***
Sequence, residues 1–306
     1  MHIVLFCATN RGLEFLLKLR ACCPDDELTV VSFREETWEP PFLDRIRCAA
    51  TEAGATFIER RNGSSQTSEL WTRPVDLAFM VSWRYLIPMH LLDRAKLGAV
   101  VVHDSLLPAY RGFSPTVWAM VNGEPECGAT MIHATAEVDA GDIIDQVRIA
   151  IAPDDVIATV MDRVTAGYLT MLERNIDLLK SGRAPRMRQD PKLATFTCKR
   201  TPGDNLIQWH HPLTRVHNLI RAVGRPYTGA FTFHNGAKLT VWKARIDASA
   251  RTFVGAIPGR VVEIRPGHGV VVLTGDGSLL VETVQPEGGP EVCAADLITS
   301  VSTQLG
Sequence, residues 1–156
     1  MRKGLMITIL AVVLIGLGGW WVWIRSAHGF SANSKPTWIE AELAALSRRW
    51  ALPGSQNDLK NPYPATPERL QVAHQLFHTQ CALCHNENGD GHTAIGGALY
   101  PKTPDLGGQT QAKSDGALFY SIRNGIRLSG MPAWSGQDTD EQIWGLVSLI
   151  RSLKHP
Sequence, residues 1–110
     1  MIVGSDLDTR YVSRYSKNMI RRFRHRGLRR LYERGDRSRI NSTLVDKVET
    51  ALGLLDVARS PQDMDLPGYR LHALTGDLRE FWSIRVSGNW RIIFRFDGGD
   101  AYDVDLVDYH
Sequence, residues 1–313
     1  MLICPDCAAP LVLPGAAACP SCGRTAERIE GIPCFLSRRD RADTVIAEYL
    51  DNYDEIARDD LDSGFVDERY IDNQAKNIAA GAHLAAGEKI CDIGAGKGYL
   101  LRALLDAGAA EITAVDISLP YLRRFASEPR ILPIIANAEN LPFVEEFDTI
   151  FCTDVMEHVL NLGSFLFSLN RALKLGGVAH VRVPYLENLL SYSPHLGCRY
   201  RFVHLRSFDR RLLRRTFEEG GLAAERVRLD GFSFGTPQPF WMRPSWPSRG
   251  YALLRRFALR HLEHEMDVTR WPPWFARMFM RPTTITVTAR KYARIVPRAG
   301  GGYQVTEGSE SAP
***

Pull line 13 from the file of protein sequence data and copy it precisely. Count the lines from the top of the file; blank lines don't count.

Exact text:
   151  RSLKHP